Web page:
The more you commit to, the less productive you are for each commitment, with few exceptions. If you are going to do something that requires significant resource allocation of your time and capital, understand it comes at the cost of all the other things you instead could be doing. Is it really what you want? Simply say “no.” That way, when something does come across your desk, you will have the time, desire, and capital to say “yes.”

A famous and very successful venture capital firm has a policy where it is required that someone argues against the deal. Someone at the table takes the contrarian position. It is then up to the person who brought the deal to work through the “no”; to fight past objections; to analyze the deal for flaws; and to make sure that the investment of reputation, time, team, and money on the deal is a better investment versus the next best alternative. Having the built-in “no” to fight through increases thought and due diligence for making a wise decision.

My real estate mentor, Robert Jorrie, had a policy at his law firm called the XXX Rule. If a client obtained three X’s on their folder, they were politely asked to find another firm to work with. How often do we hear at national SEC Marketing Meetings critiques of a presentation along the lines of “How long have you had this deal? Why can’t you get it done? Why are you putting up with this client?” At what point is the deal and the current client deserving of a “no”? If you cannot get the deal done for the client and they will not listen to your advice, shouldn’t you say, “I can no longer be of service to you?” Is it not in your best interest, and the client’s, to make progress? The XXX Rule is your “no.”

What parameters can you put in place to help create a “no” for a type of client or type of deal, meeting request, or anything that is not the best fit for you and your limited resources?

The leader of the “Melrose” clothing store chain as well as “Commercial Builders Group” has refined his “no” over the years. His clothing store chain of over 100 stores and his portfolio of 3 million plus square feet of commercial real estate matches his “no.” He focuses on real estate investing in Central and South Texas with few exceptions. He has decades of knowledge for those regions. He is approached regularly with strong opportunities around the country. He says “no” just as regularly. To store locations around the nation that meet many of the criteria, but not all of them, he says “no.” To business investments outside his wheelhouse, he says “no.” This is not a pessimistic, fear-driven, or negative approach. Quite the opposite, it is an optimistic approach that allows him to succeed significantly by saying “yes” to deals that suit him! His track record clearly shows he says “yes” often, within a very limited scope, and it has paid off. Likewise, the charitable foundation he created has transformed and been refined over time. The focus is now on investing in only those organizations that meet the foundation’s target areas, and where the donation can have a long-term significant impact. By saying “no,” he helps focus the foundation’s capital on the limited “yes’s,” increasing the chances the donation will have tremendous game-changing impact on those limited number of organizations.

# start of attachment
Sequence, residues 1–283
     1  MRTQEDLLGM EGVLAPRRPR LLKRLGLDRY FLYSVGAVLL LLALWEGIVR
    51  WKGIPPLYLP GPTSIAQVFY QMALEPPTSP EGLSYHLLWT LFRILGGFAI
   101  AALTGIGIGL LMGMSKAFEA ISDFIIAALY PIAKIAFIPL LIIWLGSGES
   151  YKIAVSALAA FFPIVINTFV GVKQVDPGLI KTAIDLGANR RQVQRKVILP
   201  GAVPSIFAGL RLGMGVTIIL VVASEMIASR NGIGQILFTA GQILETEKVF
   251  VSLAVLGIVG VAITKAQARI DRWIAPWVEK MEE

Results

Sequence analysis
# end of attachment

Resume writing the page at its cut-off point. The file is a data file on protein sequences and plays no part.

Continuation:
Afraid of turning away the client or rejecting a potential deal? That’s OK; just set a high bar. Start with, “I must focus on doing an extraordinary job for you, Ms. Client. My minimum fee is $70,000.” Ms. Client can now choose the “yes” or “no” for you. The same applies for a deal. What is your minimum cash on cash, IRR, product type, cash multiple, or deal size? You design your criteria. The deal comes across your plate and is a 35% IRR but a $100,000 deal: let the broker know your minimum deal size is $1,000,000, and you only do hard corners (or whatever it is for you). Ask the broker what deals they have that meet those criteria. Those opportunities will soon come across your plate.

Omar Hamoui said, “If someone asks you for something, provide them with a clear ‘no’ or a delivery date.” Omar is right. If you cannot commit to a delivery date, your answer should be “no.” That way, you have room to meet the delivery dates for those things worthy of your time.

Because we began with Buffet, I will end with another powerhouse entrepreneur, Bill Gates. Both Gates and Buffet have been separately asked, “What is the #1 thing that has made you successful?” They both answered “focus.” As someone with a good dose of “ADHD,” long-term focus is difficult for me to achieve. Sure, I am able to launch forward with short bursts of focus. Long-term focus, not so much. The power of “no” creates the ability for bandwidth and hence natural room for added focus. Create your focus using the power of “no.”

I look forward to hearing both your “no’s” and your meaningful “yes’s.”